The standard guiding our review of the trial court's decision to grant the defendant's section 2--615 motions (735 ILCS 5/2--615 (West 1994)) is clear. Section 2--615 of the Code of Civil Procedure provides for dismissal based on defects in the pleadings in that the complaint is "substantially insufficient in law." 735 ILCS 5/2--615(a) (West 1994). On review of a section 2--615 dismissal, we must determine whether the allegations of the complaint, when interpreted in a light most favorable to the plaintiff, sufficiently set forth a cause of action on which relief may be granted. Mt. Zion State Bank & Trust v. Consolidated Communications, Inc., 169 Ill. 2d 110, 115, 214 Ill. Dec. 156, 660 N.E.2d 863 (1995); T&S Signs, Inc. v. Village of Wadsworth, 261 Ill. App. 3d 1080, 1083, 199 Ill. Dec. 467, 634 N.E.2d 306 (1994). A trial court may not grant a section 2--615 motion "unless it clearly appears that no set of facts could ever be proved that would entitle the plaintiff to recover." Mt. Zion State Bank, 169 Ill. 2d at 115. In ruling on the motion, the trial court may only consider facts which are apparent from the pleadings, matters of which the court may take judicial notice, and judicial admissions contained in the record. Mt. Zion State Bank, 169 Ill. 2d at 115.
It is well settled that partnership law governs joint ventures. In re Johnson, 133 Ill. 2d 516, 526, 142 Ill. Dec. 112, 552 N.E.2d 703 (1989); Japczyk v. Gust K. Newberg Construction Co., 224 Ill. App. 3d 325, 328, 166 Ill. Dec. 614, 586 N.E.2d 572 (1991). Partners owe a fiduciary duty to each other. McSweeney v. Buti, 263 Ill. App. 3d 955, 959, 201 Ill. Dec. 831, 637 N.E.2d 420 (1994). Thus, joint venturers owe a fiduciary duty to each other. Burtell v. First Charter Service Corp., 76 Ill. 2d 427, 437, 31 Ill. Dec. 178, 394 N.E.2d 380 (1979); Newton v. Aitken, 260 Ill. App. 3d 717, 722, 198 Ill. Dec. 751, 633 N.E.2d 213 (1994). The duties of a fiduciary are those of loyalty, good faith ( Newton, 260 Ill. App. 3d at 722), and honesty ( Borys v. Rudd, 207 Ill. App. 3d 610, 620, 152 Ill. Dec. 623, 566 N.E.2d 310 (1990)). However, a partner may not be held liable to another partner for the loss of property unless the loss was caused by a partner's "willful disregard of duty." Snell v. DeLand, 136 Ill. 533, 538, 27 N.E. 183 (1891). Thus, "partnership losses occasioned by a partner's poor judgment or mistakes of judgment will be borne by the partnership so long as the decision does not involve fraud, illegality, or conflict of interest." Borys, 207 Ill. App. 3d at 620.
In the instant case, the plaintiff alleged in count V of its third amended complaint:
"[The defendant] breached its [fiduciary] duty of due care to [the plaintiff] by making unreasonably optimistic future cash flow projections and failing to properly conduct due diligence of Envirodyne."
More specifically, the plaintiff alleged:
"Salomon and [the defendant] also did not disclose that their projections of Envirodyne's future financial condition made a number of significant assumptions about Envirodyne's future prospects which were unreasonably optimistic. These included assumptions that: (1) the sales revenues of Envirodyne's subsidiary Viskase would increase annually at rates that were unreasonably high given the market share already held by Viskase; (2) Envirodyne's subsidiary Clearshield would not be subject to fluctuations in raw material prices; (3) Envirodyne's corporate overhead would not increase significantly; (4) Envirodyne could achieve significant savings in the cost of goods sold; (5) Envirodyne's capital expenditures could be reduced; (6) Envirodyne's research and development expenditures could be reduced; and (7) Envirodyne's working capital could be increased by delaying payment of payables and accelerating the collection of receivables."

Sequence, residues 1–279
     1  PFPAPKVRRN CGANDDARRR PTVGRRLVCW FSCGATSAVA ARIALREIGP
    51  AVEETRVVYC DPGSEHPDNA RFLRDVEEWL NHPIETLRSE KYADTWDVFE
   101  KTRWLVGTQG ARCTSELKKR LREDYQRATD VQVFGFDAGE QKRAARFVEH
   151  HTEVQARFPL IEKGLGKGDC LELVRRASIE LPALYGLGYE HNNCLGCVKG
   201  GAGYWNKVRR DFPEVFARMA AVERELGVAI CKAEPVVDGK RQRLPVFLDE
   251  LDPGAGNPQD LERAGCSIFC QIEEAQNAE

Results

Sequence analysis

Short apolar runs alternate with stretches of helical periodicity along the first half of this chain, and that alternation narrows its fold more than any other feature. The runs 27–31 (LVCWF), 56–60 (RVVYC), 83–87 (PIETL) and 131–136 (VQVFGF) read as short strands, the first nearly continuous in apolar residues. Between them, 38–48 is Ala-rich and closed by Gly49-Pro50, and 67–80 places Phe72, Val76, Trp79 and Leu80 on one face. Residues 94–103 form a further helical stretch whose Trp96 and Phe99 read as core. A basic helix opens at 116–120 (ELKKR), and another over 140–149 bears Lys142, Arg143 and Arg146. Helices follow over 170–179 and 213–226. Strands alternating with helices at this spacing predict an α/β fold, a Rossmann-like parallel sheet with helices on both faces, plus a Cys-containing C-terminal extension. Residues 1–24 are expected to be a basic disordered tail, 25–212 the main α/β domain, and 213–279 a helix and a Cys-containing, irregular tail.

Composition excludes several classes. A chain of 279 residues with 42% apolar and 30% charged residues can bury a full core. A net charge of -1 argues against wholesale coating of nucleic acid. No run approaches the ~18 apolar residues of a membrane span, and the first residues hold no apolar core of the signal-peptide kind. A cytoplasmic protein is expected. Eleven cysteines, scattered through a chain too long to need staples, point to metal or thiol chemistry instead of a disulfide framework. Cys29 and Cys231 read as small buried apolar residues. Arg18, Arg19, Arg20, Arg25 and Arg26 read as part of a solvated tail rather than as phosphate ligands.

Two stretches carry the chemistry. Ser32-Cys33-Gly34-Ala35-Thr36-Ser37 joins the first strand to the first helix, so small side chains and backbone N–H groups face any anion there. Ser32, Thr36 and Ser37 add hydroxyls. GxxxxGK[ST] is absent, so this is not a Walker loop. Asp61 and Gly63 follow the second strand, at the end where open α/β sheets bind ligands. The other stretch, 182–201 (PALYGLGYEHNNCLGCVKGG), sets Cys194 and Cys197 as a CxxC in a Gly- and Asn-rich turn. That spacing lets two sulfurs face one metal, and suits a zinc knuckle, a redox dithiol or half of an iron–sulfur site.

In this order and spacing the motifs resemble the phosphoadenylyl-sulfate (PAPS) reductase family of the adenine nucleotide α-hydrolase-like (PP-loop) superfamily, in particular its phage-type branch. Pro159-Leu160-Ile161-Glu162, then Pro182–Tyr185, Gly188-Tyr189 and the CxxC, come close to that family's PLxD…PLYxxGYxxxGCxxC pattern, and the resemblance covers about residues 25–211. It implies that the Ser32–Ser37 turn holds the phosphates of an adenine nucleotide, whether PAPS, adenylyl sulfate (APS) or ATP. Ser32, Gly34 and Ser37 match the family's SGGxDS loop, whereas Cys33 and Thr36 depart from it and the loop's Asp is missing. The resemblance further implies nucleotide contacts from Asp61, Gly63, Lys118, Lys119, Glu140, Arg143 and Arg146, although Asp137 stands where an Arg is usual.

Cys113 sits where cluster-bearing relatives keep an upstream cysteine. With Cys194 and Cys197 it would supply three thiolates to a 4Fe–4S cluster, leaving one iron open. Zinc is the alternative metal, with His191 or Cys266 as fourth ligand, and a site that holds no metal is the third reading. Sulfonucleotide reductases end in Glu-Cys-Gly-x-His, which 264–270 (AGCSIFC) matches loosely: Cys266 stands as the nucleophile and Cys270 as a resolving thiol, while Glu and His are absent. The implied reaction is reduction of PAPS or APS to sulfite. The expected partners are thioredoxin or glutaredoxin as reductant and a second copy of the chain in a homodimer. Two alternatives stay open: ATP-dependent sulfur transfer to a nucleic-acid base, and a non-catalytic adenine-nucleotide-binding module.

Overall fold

Taken in a light most favorable to the plaintiff, the allegations fail to establish that the defendant's actions amount to anything more than poor business judgment. Without more, an exercise of poor business judgment does not constitute a breach of a fiduciary duty. Borys, 207 Ill. App. 3d at 620. The plaintiff does not allege facts that would establish that the defendant knowingly misrepresented Envirodyne's financial condition, engaged in illegal activity, or purposefully benefitted at the expense of the joint venture. Thus, the plaintiff has failed to "sufficiently set forth a cause of action on which relief may be granted." T&S Signs, 261 Ill. App. 3d at 1083. Accordingly, the trial court properly dismissed count V of the plaintiff's third amended complaint. See 735 ILCS 5/2--615 (West 1994).
The plaintiff cites Marcus v. Green, 13 Ill. App. 3d 699, 710, 300 N.E.2d 512 (1973), for the proposition that it was merely required to allege that the defendant was culpably negligent. However, this proposition is not controlling in this case. The plaintiff fails to cite to an Illinois case which defines this term, and we have not uncovered an Illinois case which defines this term. Further, Marcus ' citation to Snell v. DeLand for the proposition is erroneous. Marcus, 13 Ill. App. 3d at 710. Snell does not contain the term "culpable negligence." Instead, Snell states that a partner "can only be held for a loss of property when such loss occurs from a willful disregard of duty." Snell, 136 Ill. at 538. We acknowledge that Marcus cites to two treatises for the proposition, however; treatises, unsupported by case law, are not binding on this court. Because the first district is the only district to hold that a partner may be liable to another partner for "culpable negligence" and the holding conflicts with our supreme court's decision in Snell, we are not bound by Marcus. Jachim v. Townsley, 249 Ill. App. 3d 878, 882, 189 Ill. Dec. 268, 619 N.E.2d 1317 (1993).
We also note that, because we have decided that the plaintiff failed to establish that the defendant breached its fiduciary duty, we need not address whether the parties were, in fact, joint venturers.
The judgment of the circuit court of Du Page County is affirmed.
GEIGER, P.J., and INGLIS, J., concur.